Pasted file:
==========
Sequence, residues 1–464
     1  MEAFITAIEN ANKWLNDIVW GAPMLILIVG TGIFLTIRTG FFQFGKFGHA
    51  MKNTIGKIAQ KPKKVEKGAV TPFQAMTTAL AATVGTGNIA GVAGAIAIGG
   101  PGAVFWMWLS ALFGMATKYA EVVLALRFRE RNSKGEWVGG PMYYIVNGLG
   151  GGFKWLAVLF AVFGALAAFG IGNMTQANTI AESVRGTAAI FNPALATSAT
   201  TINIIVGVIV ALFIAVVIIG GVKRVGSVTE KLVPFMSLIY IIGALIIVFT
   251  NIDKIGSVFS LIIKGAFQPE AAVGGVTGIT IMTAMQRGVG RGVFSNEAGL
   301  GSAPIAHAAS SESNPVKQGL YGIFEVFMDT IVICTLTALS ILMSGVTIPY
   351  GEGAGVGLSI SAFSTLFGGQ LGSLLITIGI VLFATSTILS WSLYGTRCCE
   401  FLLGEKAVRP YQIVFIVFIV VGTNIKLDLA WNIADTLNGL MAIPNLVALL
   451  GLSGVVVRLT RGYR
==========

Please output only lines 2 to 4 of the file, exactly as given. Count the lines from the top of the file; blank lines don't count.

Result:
     1  MEAFITAIEN ANKWLNDIVW GAPMLILIVG TGIFLTIRTG FFQFGKFGHA
    51  MKNTIGKIAQ KPKKVEKGAV TPFQAMTTAL AATVGTGNIA GVAGAIAIGG
   101  PGAVFWMWLS ALFGMATKYA EVVLALRFRE RNSKGEWVGG PMYYIVNGLG